Saint Catherine of Siena, born in 1347, and who died on this day in 1380, was in no uncertain terms a remarkable woman. She was the 22nd child of Lapa, the daughter of a local poet, and Giacomo di Benincasa – a cloth dyer; Catherine, who developed into a healthy child, had a twin, Giovanna, who died soon after birth. The Benincasas ended up with 25 (!!) children – this was well before the controversy over contraception, when children, large families and ‘multiplying’ were seen as a ‘great blessing’. Alas, half of Catherine’s siblings died in infancy, and many more across Europe in the Black Death that was soon to come.
Catherine showed signs of her uniqueness at an early age, eschewing the normal activities of young people, not least any interest in romance and marriage. Interiorly, at the tender age of seven, as recounted by her contemporary biographer, as well as her spiritual director, the Dominican priest Raymond of Capua (since beatified), she dedicated herself to Christ in a vision as his ‘bride’, and never looked back. As she advised ‘build a castle within your mind, from which you can never flee‘.
Her inner locutions with Christ continued throughout her relatively brief life, culminating with
As a teenager, her parents insisted marry she marry her sister’s widower, but Catherine refused, praying and fasting, even cutting off her long hair. Her father relented, recognizing the will of God, and Catherine became a Dominican tertiary, still a laywoman, but living a life more rigorous than most religious, first in secluded prayer, then, at the command of Christ, in active good works. Spiritual, intelligent, charismatic, her followers were soon many, and she influenced the troubled Church of the 14th century more than most of the high-ranking churchmen of her age. If we think the Church troubled now, try the era of what has come to be known as the ‘Great Western Schism’, with the Pope living in the scandalous court in Avignon in southern France. Technically, this was papal territory, but put the Pope under the effective control of the King of France, and led eventually to what is known as the ‘Great Western Schism’, with three rival claimants to the papacy.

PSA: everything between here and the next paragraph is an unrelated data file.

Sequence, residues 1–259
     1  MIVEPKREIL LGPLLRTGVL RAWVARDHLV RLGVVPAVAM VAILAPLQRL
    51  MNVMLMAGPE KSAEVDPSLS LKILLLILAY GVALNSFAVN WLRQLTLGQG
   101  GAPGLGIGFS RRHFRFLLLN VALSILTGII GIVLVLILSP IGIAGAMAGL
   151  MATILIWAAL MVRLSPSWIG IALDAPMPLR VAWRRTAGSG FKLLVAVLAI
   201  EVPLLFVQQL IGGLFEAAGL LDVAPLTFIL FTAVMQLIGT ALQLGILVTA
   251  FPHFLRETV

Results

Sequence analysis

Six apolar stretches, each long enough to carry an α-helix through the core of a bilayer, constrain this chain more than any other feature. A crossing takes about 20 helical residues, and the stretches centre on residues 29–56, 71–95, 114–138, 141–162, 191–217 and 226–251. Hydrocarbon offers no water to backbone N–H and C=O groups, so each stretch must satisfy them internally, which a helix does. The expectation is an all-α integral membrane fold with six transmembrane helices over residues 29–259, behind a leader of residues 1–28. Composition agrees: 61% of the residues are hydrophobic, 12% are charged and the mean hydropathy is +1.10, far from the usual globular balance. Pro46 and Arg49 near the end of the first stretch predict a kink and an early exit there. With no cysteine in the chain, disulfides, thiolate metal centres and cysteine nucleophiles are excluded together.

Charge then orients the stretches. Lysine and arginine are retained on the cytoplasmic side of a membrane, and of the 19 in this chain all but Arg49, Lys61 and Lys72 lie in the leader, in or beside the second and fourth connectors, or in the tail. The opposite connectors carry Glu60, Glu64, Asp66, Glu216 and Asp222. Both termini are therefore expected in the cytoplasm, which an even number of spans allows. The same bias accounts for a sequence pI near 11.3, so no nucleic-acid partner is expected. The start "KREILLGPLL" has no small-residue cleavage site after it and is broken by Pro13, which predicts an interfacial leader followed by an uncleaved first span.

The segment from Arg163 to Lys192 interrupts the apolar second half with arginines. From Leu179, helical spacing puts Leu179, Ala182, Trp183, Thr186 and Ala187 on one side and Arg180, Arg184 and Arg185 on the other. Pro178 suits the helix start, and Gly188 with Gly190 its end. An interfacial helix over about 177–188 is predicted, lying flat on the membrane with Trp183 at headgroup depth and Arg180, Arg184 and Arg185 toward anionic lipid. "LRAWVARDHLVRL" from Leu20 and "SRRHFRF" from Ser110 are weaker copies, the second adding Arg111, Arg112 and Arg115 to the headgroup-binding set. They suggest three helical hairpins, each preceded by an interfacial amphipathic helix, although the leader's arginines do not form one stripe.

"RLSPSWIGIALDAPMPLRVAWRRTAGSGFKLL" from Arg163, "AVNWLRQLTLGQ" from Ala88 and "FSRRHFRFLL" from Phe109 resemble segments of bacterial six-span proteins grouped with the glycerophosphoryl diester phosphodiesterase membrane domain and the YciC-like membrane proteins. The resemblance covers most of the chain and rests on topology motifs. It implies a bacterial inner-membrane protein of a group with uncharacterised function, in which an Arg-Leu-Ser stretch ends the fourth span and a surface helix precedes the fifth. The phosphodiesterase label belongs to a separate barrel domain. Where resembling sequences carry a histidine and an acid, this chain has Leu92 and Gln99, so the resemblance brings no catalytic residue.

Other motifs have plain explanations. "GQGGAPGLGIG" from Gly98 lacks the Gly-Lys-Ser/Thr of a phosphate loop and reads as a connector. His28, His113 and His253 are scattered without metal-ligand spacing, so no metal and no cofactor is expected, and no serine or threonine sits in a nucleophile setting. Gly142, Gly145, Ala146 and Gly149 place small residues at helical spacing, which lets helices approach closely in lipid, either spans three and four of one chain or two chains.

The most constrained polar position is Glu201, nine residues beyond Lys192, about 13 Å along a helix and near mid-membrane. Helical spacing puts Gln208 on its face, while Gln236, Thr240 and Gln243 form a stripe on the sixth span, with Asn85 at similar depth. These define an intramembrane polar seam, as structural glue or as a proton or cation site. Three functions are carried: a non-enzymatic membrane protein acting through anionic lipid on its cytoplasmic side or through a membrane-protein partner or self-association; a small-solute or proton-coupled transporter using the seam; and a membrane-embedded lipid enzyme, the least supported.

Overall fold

Catherine was an early example of speaking truth to authority, sparing no pains nor ‘standing on ceremony’ in urging the Holy Father, Gregory XI, that he must return the papacy to Rome, replete with dire threats she heard from God if he refused. Catherine showed that there is nothing intrinsically wrong with ‘criticising’ the our pastors, Pope and bishops included, so long as it is done respectfully, with charity, good will and a healthy dose of prayer, as the current Code of Canon Law states, quoted the Catechism:
In accord with the knowledge, competence, and preeminence which they possess, [lay people] have the right and even at times a duty to manifest to the sacred pastors their opinion on matters which pertain to the good of the Church, and they have a right to make their opinion known to the other Christian faithful, with due regard to the integrity of faith and morals and reverence toward their pastors, and with consideration for the common good and the dignity of persons. (CCC, #907; CIC, 212, #3).
Moved by her urging, the Pope did return to the Eternal City, the centre of Christendom, which began the process of regaining his authority and healing the schism, completed at the Council of Constance in 1415.
Saint Catherine was one of the greatest of mystics in the history of the Church, and her revelations, the Dialogue on Divine Providence, (from a woman who could neither read nor write), dictated in 1377-38 not long before her death, is a masterpiece of spiritual and theological insight. Her letters are a model of beauty and intelligence, as well as masterpieces of early Tuscan.
Catherine’s life, as are the lives of all God’s saints, brief in its Christ-like 33-year span, is too full for a brief article, and I would highly recommend the classic and unsurpassed biography by Sigrid Undstet. Our Church could use more than a few more Catherines of Siena, steeped in prayer, chaste, pure, humble, obedient to Christ and His Church in the deepest sense.
Right away, hailed as a saint, Catherine was canonized in 1461, and eventually declared a Doctor of the Church by Pope Saint Paul VI in 1970, along with Theresa of Avila, just after the Second Vatican Council, the first women to receive this honour, which only 36 saints hold.
She is a powerful example and intercessor for women, as well as men, throughout the ages.
Saint Catherine of Siena, ora pro nobis!